IT managers are also concerned about data center-based applications running on Internet-facing Web servers. Though security scans or PCI vulnerability assessments can pinpoint problems with legacy applications, fixing issues in the actual application is too difficult and costly, Network Box states.

"While Intrusion Prevention Systems can do wonders for protecting the Web servers themselves, it (and other similar technology) is limited in its ability to protect custom applications running on those servers," Webb-Johnson says. IPS can detect and block generic attacks, he says, but targeted attacks against custom applications are beyond the scope of most IPSs. "This is where Web Application Firewalls come in," he adds.

A Modular Approach

In addition to the WAF module, the NBRS Ver5.0 platform features other modules and components that assist in protection. These include a Network Input layer that receives network traffic and ensures that it conforms to fundamental IP protocols. This layer also handles common DoS (denial of service)/DDoS attacks, which occur when an attacker floods servers with requests, overwhelming the servers and preventing them from providing expected services.

An integrated Network DDoS Security module, meanwhile, also protects against DoS and DDoS attacks, primarily through the use of five techniques that identify malicious attack behavior and dynamically block the attacks as well as the identified sources of attacks. Globally, Webb-Johnson says, DDoS attacks have been gaining considerable attention, putting enhanced DDoS mitigation high on the list of security features IT managers are currently seeking. "Network Box's WAF system provides not only real-time push-updated Web application protection, but offers exactly the kind of effective yet affordable DDoS mitigation organizations are looking for," he says.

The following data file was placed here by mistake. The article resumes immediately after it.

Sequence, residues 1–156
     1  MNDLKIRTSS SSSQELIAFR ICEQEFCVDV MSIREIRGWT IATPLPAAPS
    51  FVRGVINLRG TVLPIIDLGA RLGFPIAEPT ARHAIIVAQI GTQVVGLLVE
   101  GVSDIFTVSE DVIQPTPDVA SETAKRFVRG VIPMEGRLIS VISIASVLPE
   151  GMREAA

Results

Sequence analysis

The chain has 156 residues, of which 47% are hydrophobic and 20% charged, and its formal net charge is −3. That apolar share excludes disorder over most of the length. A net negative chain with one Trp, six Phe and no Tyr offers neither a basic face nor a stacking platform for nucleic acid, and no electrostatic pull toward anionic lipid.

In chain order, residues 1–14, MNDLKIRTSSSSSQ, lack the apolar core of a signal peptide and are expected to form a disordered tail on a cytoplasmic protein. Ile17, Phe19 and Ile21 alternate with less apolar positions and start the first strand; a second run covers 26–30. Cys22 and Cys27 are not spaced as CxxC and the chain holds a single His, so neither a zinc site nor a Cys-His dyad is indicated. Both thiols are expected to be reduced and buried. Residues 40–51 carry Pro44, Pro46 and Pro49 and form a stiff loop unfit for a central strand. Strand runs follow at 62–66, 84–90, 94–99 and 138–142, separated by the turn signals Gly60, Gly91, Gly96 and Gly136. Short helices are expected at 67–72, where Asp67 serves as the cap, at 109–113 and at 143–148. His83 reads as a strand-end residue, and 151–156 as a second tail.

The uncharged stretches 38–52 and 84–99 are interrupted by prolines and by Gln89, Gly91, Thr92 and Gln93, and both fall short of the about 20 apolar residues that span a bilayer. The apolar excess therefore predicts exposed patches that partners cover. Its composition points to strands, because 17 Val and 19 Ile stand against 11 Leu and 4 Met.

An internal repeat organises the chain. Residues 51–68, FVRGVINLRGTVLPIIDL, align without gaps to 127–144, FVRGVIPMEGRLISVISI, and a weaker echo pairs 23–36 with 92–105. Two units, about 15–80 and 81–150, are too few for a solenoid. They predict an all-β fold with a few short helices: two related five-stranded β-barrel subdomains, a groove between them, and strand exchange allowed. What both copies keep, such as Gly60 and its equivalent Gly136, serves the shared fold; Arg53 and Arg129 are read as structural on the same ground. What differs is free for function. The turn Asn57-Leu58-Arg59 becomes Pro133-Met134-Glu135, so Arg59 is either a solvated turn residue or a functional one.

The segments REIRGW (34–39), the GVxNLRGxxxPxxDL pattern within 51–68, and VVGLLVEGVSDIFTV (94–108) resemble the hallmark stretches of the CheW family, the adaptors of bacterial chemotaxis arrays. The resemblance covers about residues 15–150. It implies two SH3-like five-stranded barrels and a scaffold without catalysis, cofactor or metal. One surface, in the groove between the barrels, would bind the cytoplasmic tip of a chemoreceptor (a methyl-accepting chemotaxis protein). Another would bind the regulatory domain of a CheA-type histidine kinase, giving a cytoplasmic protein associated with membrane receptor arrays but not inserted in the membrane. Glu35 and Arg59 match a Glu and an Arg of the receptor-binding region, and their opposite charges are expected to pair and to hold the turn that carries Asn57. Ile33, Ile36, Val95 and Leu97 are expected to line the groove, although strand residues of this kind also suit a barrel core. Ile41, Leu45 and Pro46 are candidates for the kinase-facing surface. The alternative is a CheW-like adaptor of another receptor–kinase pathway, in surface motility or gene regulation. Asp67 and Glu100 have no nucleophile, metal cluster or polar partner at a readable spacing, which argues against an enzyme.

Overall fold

Elsewhere, a Network Selection phase classifies traffic and determines if additional processing is needed. An Input Translation module enables high-level translations between all combinations of the IPv4, IPv6 (the Internet protocol that follows IPv4), and SSL protocols. "This year, the IPv4 address space has been officially declared exhausted. Though there is no need to panic just yet, be prepared to face reality, because soon enough, they'll be gone for good and IPv6 will be the order of the day," Stella says. "For this reason, IPv6 support and innovation are foundational aspects of Network Box 5.0."

Finally, the NBRS Ver5.0 platform's Web Server Proxy module handles connections in and out of the actual WAF, decoding the HTTP protocol and enforcing policy. Outgoing traffic that successfully passes through the WAF moves through additional modules before passing through a Network Output module on to the protected Web server. Impressively, all these actions occur without impacting the core WAF's effectiveness.

The Rest of the Story

Network Box has designed the NBRS Ver5.0 platform to function on all of the company's modern UTM hardware devices, including those that customers are currently running. The company is making the technology free to current users of its UTM devices and states support for older hardware is coming. Additionally, such options as hardware acceleration for certain NBRS Ver5.0 functions, including SSL and VPN encryption, are expected for upcoming release.

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Return to: 2012 Feature Stories